Friday, February 11, 2005
Minuteman HS seeks 36% increase from Carlisle
Tom Markham, Assistant Superintendent, and Nancy Weiss, Carlisle's representative to the Minuteman Regional School Committee, appeared before the Carlisle Finance Committee to defend a 35% increase in Carlisle's proposed FY06 assessment for the Minuteman Regional High School (MMRHS), Carlisle's technical high school alternative. The new assessment of $190,678 versus $140,833 for FY05 presented a difficulty for the FinCom, which must now find another $50,000 if it is to present a balanced budget to Spring Town Meeting.
Why does Carlisle pay more?
Of particular concern to the FinCom members are funding formulas that assign Carlisle a large increase while the overall MMRHS budget is up only 2.8%. While the per-student cost for Carlisle was $13,438 in FY05, it will be $16,037 in FY06. A high 67% of Carlisle students receive special education, adding $4,250 per student.
In addition, a state-mandated assessment formula favors low-growth communities at the expense of towns such as Carlisle where revenues are rising.
As a member of the Minuteman district, Carlisle assumes a percentage of operating and capital equipment costs based on fall 2005 enrollment. Assessments are added for students receiving special education services and for students in post-high school and after school programs. Carlisle is then assigned a "state required minimum" assessment based on a "municipal growth factor" intended to measure a town's ability to pay. The latter factor is responsible for substantial differences in average assessment; Carlisle with 11.89 FTE students has a required minimum of $113,695, while Boxborough with 26.73 students is assessed only $106,924.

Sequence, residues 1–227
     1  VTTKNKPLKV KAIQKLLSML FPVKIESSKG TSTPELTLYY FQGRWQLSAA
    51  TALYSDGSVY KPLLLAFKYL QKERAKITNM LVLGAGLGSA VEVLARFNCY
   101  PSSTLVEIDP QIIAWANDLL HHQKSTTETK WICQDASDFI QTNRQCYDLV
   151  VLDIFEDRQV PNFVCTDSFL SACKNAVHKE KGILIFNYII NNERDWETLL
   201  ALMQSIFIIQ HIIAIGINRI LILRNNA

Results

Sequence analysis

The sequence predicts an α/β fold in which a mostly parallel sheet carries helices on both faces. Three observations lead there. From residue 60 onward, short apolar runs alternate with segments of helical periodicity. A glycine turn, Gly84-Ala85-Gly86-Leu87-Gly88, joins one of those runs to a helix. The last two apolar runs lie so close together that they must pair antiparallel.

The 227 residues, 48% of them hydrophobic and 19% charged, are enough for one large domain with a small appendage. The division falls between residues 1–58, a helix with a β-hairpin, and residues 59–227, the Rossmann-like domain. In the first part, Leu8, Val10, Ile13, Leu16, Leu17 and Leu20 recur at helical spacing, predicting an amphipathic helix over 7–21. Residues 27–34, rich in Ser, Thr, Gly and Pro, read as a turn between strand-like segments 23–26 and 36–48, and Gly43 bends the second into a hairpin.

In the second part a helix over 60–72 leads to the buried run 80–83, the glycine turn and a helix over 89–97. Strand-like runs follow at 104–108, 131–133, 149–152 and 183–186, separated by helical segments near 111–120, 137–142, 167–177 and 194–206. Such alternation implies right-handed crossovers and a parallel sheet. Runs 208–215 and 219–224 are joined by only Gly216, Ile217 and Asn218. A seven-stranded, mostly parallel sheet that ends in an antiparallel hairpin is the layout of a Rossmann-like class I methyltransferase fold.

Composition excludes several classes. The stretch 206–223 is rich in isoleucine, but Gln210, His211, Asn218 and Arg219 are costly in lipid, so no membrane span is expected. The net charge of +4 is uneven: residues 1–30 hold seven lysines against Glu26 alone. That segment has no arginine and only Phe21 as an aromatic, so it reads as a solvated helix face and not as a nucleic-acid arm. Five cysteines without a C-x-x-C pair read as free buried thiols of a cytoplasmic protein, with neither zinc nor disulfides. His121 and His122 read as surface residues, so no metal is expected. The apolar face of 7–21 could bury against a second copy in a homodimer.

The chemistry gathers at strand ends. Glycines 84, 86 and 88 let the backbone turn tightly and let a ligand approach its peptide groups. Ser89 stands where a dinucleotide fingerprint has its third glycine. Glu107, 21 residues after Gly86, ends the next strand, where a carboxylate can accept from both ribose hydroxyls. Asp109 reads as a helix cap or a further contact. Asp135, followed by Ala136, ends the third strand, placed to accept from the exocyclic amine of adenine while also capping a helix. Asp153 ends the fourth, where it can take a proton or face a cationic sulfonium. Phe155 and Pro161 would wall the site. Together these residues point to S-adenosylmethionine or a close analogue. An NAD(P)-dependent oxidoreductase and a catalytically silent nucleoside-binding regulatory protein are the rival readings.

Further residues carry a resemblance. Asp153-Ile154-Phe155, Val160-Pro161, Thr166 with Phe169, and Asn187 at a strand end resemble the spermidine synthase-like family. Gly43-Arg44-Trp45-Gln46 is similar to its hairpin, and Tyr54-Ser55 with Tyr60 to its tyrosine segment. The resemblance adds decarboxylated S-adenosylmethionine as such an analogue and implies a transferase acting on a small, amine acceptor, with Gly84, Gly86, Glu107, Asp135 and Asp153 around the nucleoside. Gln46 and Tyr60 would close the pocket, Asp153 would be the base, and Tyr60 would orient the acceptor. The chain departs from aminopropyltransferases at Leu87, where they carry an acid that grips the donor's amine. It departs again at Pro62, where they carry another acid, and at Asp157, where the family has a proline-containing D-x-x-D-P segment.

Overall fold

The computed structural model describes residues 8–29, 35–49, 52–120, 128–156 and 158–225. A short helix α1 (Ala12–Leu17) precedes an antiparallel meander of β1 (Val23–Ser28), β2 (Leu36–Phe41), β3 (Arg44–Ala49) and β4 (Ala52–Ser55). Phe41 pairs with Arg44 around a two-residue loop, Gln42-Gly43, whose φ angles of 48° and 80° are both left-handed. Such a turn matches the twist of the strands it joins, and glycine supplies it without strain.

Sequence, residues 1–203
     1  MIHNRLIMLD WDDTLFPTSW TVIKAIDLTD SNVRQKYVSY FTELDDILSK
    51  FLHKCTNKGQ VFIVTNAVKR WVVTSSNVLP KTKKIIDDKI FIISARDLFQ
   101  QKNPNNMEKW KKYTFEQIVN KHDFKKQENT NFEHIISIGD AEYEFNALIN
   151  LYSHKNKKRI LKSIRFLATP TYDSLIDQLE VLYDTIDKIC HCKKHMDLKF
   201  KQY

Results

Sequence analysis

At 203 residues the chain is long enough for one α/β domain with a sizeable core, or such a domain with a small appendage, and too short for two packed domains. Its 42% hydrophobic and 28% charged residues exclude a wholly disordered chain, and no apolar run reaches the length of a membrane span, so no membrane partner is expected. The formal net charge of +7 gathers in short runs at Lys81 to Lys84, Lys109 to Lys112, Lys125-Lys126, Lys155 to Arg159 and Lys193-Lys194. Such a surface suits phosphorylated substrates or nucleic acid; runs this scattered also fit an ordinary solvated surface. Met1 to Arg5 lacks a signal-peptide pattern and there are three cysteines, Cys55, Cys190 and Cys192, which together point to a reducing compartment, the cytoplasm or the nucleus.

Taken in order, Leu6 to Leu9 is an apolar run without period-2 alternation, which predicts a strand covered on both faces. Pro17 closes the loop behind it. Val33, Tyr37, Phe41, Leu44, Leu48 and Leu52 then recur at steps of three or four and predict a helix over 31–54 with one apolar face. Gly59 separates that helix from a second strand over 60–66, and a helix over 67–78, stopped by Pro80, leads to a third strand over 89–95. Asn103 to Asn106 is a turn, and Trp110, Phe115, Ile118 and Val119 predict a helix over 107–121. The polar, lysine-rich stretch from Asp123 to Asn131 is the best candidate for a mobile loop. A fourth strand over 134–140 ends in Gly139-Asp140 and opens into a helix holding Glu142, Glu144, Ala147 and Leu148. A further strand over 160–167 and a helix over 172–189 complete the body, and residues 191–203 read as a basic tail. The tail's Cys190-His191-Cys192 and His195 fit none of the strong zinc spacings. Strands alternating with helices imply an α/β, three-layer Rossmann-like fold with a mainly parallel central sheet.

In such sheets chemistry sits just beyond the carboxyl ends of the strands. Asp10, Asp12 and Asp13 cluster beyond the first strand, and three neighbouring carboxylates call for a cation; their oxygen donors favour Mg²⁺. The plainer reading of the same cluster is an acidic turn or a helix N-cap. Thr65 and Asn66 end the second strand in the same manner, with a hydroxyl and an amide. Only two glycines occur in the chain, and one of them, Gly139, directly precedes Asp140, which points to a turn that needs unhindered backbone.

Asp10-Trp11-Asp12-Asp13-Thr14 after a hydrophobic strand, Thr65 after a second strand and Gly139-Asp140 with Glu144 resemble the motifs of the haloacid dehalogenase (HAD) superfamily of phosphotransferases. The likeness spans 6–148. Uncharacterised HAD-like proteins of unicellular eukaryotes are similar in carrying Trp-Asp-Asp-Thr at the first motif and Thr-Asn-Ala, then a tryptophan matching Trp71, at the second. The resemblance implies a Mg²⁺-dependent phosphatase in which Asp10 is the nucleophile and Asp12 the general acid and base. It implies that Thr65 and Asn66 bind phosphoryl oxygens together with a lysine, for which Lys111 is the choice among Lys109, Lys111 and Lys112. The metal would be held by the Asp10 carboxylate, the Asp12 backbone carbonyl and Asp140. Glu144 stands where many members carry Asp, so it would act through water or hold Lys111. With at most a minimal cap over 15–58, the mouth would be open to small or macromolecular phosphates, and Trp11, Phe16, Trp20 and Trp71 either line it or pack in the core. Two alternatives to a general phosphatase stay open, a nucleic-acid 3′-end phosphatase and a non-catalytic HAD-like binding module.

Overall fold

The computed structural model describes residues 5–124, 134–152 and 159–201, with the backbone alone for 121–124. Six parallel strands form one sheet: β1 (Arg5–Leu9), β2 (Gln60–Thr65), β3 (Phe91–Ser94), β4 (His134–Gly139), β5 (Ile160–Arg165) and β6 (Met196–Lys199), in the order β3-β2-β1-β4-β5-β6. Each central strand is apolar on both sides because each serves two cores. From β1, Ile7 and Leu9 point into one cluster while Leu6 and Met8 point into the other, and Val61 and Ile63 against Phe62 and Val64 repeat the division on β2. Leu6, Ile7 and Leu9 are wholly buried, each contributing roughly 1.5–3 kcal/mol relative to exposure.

Declining student population
Markham reported that in-district enrollment is rising, but out-of-district enrollment is falling and will fall further as Cambridge is forming its own technical high school. As a result, total enrollment will drop from 950 students in 2005 to 930 in 2006. Carlisle's enrollment has risen in recent years from 4.28 in 1999 to 11.49 in 2005.
Other MMRHS challenges include flat funding of Chapter 90 from the state, and an expected reduction in the formula for assessing out-of-district tuitions. Salaries are up about 2% adding $214,428 to the budget, and employee benefits are up $46,885. Markham noted that from FY03 to FY05 the equivalent of 18 full-time staff were cut for a reduction of $420,000. Transportation and utility costs are also rising. Several subject areas, including technology trades, and commercial, will sustain budget cuts due to enrollment reductions, but funding will be sought from other sources, including business partners.
At the conclusion of the presentation, FinCom members considered their options, which are few. Much of the assessment formula is state-ordained and unlikely to change. The MMRHS budget is put forward to member towns, and if 11 of 16 approve it, it is the law for all. In essence, this has always meant that Minuteman gets what it asks for. "We don't have much choice," said John Nock, except to accept the number and look for a way to make the budget balance.
© 2005 The